Earlier this month, EHS Today published an interesting article discussing how preventable deaths resulting from injuries have reached an “all-time high.” In this piece, they cited an analysis conducted by the National Safety Council, which found that there were 136,053 preventable injury deaths in the U.S. in 2014 – a 57 percent increase since 1992. As NSC noted, this amounts to someone dying every four minutes, when essentially, they did not have to. That is a remarkably high and concerning number.
This figure relates to any preventable death, in or outside of work, and it covers all age ranges (ages 0 to 65+). However, we have seen a similar and unfortunate trend in workplace fatalities as well. According to the Bureau of Labor Statistics (BLS), in 2014, a total of 4,821 employees died on the job in the U.S. This amounts to an overall fatality rate of 3.4, up from 3.3 in 2013. Furthermore, fatality rates have tended to plateau in the past decade or so, with year-to-year decreases ranging from only 3 to 5%, and even slight increases in other years.
What's the cause for the increase?
So why the increase, which seems to be occurring both in and outside of work? This is obviously a very complex problem, with many factors to consider. Safety professionals, senior company leaders, and researchers have been investigating the issue of fatality prevention for some time now. Progress has been made in terms of identifying certain precursors and best practices that can prevent fatalities, but clearly, there is still much room for improvement.
Luckily, we can continue our efforts to save lives through increased awareness and education about hazards, improved engineering and design, better training, and stronger enforcement of safety policies and procedures. However, are these sufficient? After all, many organizations have been utilizing these approaches for decades and are still experiencing fatalities.
As I think about injury-related deaths being so prevalent in and outside of work, I think about the personal factors that are stable across situations. At work, individuals deal with a variety of hazards that are inherent in their jobs and workplaces. These will vary on any given day, hour or minute, based on what is going on that day. But there are also stable individual factors that a person has on any given day regardless of the place, situation, or work being done. These stable factors include personality traits, mental abilities, values, beliefs, and other characteristics unique to that individual.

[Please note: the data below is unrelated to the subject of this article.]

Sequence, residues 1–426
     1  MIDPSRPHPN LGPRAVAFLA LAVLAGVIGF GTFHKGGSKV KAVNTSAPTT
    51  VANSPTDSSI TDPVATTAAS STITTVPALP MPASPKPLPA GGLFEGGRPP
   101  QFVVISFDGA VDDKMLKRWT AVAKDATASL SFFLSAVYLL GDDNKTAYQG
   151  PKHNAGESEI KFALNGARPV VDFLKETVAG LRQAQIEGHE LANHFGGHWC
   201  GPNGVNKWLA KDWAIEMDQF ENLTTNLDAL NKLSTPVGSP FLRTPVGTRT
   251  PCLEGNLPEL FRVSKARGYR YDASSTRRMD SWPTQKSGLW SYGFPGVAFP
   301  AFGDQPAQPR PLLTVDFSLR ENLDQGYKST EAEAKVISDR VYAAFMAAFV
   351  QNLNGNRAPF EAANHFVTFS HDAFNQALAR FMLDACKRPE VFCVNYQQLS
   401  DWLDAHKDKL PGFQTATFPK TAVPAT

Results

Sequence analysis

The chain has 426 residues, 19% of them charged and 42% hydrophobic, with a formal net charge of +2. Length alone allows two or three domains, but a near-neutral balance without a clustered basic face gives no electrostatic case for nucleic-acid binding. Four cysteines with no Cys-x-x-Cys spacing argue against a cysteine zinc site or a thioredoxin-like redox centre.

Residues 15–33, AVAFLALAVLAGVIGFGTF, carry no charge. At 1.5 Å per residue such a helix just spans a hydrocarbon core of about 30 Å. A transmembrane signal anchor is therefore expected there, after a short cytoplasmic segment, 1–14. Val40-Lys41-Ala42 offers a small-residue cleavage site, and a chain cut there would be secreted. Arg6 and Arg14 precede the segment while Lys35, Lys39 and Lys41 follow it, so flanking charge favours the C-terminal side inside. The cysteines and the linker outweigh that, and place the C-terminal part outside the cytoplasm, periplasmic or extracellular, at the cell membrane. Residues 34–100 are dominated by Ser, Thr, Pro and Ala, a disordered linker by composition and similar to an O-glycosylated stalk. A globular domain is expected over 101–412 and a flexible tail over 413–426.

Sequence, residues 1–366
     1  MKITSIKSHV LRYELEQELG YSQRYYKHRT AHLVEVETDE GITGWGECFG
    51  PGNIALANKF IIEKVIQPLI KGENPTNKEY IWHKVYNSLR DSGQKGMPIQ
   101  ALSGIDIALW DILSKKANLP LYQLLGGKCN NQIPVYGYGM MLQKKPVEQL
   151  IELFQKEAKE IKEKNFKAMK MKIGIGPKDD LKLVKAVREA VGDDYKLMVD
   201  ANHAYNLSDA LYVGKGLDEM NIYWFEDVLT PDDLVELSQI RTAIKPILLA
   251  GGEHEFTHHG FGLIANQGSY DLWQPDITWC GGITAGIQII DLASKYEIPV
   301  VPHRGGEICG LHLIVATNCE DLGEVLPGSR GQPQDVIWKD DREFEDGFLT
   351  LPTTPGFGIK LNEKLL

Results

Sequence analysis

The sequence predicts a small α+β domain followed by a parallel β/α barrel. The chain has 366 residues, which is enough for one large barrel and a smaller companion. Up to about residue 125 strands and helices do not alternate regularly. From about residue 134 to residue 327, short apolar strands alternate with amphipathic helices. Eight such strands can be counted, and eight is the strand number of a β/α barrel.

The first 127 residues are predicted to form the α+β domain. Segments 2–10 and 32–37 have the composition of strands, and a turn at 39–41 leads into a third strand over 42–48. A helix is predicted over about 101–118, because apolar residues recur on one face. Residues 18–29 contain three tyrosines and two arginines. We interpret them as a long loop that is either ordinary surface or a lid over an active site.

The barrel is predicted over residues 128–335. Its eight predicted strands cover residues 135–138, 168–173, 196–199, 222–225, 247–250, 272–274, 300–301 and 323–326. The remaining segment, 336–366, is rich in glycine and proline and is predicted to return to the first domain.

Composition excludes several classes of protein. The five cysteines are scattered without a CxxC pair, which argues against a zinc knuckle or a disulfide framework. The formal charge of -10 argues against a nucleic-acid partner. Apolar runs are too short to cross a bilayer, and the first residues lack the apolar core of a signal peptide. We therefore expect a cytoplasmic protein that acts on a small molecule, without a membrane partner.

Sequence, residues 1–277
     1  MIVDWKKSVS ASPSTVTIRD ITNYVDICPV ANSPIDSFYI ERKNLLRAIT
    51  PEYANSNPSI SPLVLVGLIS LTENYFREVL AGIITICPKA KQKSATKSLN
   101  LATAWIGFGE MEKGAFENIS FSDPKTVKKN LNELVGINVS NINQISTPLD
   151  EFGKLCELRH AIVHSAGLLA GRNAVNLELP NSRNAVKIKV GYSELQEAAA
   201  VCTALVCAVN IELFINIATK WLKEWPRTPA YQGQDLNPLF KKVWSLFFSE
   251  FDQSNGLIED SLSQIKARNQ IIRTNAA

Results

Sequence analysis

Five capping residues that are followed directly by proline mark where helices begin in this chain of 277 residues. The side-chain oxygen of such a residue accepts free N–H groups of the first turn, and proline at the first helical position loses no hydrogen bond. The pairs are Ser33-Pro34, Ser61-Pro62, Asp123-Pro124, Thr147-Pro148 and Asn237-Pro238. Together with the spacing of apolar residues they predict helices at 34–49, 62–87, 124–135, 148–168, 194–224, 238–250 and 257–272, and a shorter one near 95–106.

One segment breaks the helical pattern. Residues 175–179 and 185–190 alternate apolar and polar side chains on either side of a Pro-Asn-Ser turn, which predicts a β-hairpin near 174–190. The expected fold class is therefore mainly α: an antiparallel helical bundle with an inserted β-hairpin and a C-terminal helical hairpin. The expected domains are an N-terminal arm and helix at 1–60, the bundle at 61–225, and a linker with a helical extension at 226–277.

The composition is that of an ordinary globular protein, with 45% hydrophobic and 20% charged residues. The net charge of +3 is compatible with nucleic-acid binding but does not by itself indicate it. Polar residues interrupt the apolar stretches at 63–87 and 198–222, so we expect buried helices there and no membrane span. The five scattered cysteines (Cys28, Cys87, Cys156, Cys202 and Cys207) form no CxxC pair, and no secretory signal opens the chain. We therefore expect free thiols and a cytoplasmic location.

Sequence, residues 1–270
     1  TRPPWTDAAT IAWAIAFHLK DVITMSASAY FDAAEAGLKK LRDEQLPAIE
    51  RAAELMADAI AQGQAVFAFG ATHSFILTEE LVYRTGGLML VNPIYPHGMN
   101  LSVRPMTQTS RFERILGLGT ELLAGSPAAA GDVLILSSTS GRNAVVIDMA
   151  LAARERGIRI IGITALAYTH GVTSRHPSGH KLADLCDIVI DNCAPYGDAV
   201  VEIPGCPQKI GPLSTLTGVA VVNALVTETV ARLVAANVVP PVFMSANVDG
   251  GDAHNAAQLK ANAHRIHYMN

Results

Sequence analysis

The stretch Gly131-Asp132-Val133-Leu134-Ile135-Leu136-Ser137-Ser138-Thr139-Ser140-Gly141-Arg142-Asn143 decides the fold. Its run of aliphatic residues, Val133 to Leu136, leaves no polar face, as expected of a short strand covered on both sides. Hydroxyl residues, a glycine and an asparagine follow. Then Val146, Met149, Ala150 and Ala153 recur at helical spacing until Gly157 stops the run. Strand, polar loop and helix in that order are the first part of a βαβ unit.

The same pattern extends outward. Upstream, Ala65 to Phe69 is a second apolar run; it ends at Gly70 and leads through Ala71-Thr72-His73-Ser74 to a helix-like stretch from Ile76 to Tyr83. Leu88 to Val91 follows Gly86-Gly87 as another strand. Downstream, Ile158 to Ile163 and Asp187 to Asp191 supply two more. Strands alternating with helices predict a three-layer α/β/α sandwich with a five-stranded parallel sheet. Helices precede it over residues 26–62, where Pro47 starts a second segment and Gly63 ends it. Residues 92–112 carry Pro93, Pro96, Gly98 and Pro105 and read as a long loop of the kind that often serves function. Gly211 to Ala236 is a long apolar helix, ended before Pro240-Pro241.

Sure - that individual will experience temporary certain states, such as fatigue, distraction, or mood changes, but the stable characteristics are always there; together they make that person who they are. This means that we take our traits with us everywhere we go, and these can either decrease or increase our personal exposure to risk at home or on the job.
To be clear, I am not saying that individual traits and characteristics are the reason for the increases we are seeing in preventable injury-related fatalities. People do not operate in a vacuum, and as mentioned earlier, there are numerous contributing factors to any fatality which are completely outside of the individual and vary by situation, location, etc.
Are more policies and training the answer?
Looking at individual psychological characteristics such as personality, ability and values can play a valuable role in preventing deaths anywhere. Particularly with work-related fatalities, the immediate focus after an employee death is often on adding additional policies, modifying equipment, or providing more technical training. We tell our employees, “Don’t be complacent,” “Wear your PPE at all times,” and “Stay focused” even though research shows increasingly that this is simply harder for some employees than it is for others.
In my experience working with organizations across many industries, this point is often unknown or ignored. Yet there is statistical evidence from dozens of studies showing that traits and abilities related to safety (our SafetyDNA) vary by individual and can profoundly impact the extent to which we perceive risks and hazards, and whether we even recognize them at all. Taking this into account better enables us to account for some of the human factors that can easily be ignored as part of the bigger picture.
A fatality is the worst thing that can happen, short of multiple fatalities. Therefore, it is critical that we take into consideration anything which can potentially help us prevent one in the future. When a person knows his or her own psychological strengths and limitations, and which mental aspects of his personal safety are most affected by common situational triggers (e.g., fatigue, multi-tasking, running behind schedule), he/she can be better prepared to manage risks and unexpected hazards anywhere – at home, on the road, or at work.
Since we know preventable fatalities happen anywhere, knowing our personal safety traits that we bring with us every day can potentially help save our life, as well as the life of a loved one or co-worker.